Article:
Every Tuesday, PHS infusion nurses Doreen and Ashley make a home visit to 4 year old Andrea and 8 year old Gerson for enzyme replacement therapy and are met with hugs from these siblings who have come to know their nurses as family.
Close behind Doreen and Ashley is Hector, an interpreter who joins them to facilitate conversation between Andrea’s and Gerson’s mom, Sonya, and the nurses. With this service, families are able to receive and completely understand the care being delivered while developing a relationship of trust with health care professionals.
When Gerson was three years old, Sonya brought him to their pediatrician with concerns about a bump on his back and how his chest was forming. After initially being told there was nothing to be worried about, a visit to a different clinic confirmed these features were indeed abnormal. Gerson was soon diagnosed with Morquio syndrome, and at five years old began receiving infusions weekly to replace the enzyme his body didn’t produce.
Soon after Gerson began receiving treatment, doctors tested the whole family for the syndrome and his sister, Andrea, was diagnosed soon after. Thanks to this testing, Andrea was able to begin enzyme replacement therapy sooner and has seen improved physical development compared to her brother – a sign that she hopefully won’t need extensive surgery down the road.
“Gerson may need knee replacement surgery and hip surgeries, and also recently had testing done on his neck to see if he’ll need neck surgery,” Sonya said through Hector. “As he grows, the space in his neck is shifting.”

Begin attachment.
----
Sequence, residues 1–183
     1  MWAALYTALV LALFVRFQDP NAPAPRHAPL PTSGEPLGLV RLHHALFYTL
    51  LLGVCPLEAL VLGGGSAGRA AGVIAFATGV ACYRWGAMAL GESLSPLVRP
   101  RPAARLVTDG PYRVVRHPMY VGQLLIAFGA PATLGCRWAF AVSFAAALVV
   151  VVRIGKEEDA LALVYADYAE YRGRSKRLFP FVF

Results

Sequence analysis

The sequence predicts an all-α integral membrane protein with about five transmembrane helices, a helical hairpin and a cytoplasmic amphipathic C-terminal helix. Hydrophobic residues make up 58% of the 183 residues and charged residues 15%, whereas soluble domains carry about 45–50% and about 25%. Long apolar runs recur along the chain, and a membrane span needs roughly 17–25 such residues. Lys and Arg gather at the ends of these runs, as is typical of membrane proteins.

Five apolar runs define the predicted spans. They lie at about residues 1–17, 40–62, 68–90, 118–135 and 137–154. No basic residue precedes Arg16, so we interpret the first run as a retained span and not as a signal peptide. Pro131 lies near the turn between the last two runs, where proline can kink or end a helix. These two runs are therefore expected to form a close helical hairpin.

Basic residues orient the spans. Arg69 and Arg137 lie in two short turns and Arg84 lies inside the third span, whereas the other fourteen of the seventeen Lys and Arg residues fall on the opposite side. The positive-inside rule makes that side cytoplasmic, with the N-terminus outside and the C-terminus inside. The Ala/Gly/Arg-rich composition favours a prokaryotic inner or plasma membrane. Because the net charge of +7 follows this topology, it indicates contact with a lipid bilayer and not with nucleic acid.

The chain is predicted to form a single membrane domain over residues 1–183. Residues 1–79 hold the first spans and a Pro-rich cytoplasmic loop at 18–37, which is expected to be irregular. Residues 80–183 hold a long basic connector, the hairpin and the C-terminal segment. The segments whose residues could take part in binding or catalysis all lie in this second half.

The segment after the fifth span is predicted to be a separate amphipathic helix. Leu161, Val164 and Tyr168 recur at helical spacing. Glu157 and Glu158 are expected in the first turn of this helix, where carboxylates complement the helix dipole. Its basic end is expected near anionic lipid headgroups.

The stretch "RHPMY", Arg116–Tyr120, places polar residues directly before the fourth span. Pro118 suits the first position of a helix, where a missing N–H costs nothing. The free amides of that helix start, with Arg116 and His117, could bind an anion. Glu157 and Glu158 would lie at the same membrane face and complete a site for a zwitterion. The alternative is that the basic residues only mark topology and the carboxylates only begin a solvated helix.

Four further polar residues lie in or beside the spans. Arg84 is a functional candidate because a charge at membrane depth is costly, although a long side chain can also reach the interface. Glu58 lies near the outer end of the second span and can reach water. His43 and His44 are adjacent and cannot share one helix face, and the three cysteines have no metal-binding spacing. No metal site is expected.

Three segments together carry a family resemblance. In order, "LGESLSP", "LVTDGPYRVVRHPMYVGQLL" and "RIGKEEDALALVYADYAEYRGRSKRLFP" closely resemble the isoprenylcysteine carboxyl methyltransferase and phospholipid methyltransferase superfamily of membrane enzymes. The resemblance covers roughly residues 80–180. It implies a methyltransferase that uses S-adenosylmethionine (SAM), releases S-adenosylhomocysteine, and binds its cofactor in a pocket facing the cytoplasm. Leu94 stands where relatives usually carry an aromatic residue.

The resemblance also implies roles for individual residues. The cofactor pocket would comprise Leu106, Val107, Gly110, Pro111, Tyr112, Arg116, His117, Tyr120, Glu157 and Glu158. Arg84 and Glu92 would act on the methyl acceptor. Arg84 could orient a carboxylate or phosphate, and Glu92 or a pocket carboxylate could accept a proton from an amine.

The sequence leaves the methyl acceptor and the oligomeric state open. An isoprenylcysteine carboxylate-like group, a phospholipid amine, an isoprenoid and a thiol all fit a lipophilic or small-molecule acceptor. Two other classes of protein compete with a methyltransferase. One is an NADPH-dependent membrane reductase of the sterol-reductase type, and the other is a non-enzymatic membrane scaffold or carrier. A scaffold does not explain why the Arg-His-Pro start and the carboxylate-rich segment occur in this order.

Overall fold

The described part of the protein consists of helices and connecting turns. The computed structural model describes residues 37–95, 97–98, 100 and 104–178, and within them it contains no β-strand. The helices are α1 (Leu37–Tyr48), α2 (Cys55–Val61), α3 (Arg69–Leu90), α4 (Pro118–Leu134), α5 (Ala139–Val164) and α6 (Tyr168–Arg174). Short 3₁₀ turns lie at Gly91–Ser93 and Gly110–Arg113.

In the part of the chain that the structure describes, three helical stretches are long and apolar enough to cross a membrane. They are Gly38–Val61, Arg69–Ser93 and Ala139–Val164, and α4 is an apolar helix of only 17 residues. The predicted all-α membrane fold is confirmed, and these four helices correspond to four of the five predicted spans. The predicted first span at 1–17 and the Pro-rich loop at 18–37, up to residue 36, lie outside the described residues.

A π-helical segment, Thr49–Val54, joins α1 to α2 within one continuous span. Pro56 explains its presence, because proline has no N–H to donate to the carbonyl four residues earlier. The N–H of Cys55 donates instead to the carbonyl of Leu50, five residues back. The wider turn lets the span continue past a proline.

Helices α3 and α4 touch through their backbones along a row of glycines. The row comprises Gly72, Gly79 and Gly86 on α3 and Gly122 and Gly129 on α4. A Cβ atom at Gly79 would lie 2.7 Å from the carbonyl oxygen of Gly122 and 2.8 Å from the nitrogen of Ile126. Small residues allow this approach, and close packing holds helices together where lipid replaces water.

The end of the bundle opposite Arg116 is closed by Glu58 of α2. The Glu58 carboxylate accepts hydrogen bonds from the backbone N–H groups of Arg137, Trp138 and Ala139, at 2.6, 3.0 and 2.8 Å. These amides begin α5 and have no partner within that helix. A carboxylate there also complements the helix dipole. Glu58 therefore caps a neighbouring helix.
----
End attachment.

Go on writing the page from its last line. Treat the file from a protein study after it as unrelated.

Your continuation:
Bringing two young children to a clinic each week for a multiple hour infusion is a challenge to say the least – so when Andrea and Gerson’s doctor told Sonya that Pediatric Home Service provides this therapy at home, the decision to transition was an easy one.
“Infusions at the clinic were always a little chaotic, as I managed them being hungry, sick, or bored,” said Sonya. “With Doreen and Ashley coming to the house, life can keep going – they have access to their beds, entertainment, food, and anything else they enjoy in their everyday life. It’s everything.”
Because Sonya doesn’t drive, she also had to coordinate transportation each Tuesday prior to receiving care from PHS – another task she doesn’t need to worry about now.
When a family’s primary language isn’t English, having an interpreter present (whether on the phone or in person) ensures caregivers have a clear understanding of the questions they’re being asked and the information they’re being given.
Originally from El Salvador, Sonya and her family speak Spanish in the home – having Hector (pictured here with Sonya) at infusions each week means more peace of mind in what can be a stressful situation for children and family, thanks to his strong understanding of their diagnosis and infusion process.
“I don’t typically do in-home interpretation anymore, but have continued to come to Andrea’s and Gerson’s infusions because I’ve really developed a history with the family and their weekly routine,” said Hector. “It helps bring routine and ease for the kiddos, and I think we all really value the trust that has been built.”
While enzyme replacement therapy will be a lifelong treatment, Sonya knows it doesn’t have to define her children – she chooses to focus on enjoying time outside with them, going to a lake, and being active despite such a complex medical diagnosis.
At 4 and 8 years old, Andrea and Gerson should be able to live life like any other child, and PHS knows that’s possible with services and therapy from nurses and interpreters.Originally published: June 20, 2016